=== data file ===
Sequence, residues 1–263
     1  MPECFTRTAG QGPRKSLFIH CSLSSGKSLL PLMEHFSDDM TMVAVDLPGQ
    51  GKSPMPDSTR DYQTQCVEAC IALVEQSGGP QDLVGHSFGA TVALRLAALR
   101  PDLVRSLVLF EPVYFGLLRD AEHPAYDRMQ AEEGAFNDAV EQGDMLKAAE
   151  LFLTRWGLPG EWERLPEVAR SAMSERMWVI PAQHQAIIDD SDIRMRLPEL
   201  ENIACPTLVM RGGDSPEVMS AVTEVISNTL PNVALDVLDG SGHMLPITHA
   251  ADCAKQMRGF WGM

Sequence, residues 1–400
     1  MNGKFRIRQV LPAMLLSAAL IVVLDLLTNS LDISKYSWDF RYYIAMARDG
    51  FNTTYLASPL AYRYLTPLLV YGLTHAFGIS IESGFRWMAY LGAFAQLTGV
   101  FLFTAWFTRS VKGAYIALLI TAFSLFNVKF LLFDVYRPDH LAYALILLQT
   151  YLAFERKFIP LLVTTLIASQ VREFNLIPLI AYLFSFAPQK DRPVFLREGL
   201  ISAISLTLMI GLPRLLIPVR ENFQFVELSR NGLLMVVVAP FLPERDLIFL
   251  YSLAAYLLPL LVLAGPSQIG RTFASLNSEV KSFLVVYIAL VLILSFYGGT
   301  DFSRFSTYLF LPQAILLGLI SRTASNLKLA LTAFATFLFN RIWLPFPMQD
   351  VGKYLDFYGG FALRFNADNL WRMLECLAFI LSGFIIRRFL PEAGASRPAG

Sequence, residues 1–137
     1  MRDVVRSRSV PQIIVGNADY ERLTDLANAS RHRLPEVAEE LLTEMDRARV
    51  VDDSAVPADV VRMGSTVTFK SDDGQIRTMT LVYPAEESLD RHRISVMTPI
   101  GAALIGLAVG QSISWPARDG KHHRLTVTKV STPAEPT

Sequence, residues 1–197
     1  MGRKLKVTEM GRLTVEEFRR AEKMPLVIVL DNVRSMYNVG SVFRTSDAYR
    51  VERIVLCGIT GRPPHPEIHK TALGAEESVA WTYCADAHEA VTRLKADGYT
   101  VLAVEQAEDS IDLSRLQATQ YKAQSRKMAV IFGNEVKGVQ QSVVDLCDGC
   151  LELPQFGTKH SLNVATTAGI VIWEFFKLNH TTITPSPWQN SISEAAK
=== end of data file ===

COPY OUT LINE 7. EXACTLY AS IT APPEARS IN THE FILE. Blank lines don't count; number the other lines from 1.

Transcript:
   251  ADCAKQMRGF WGM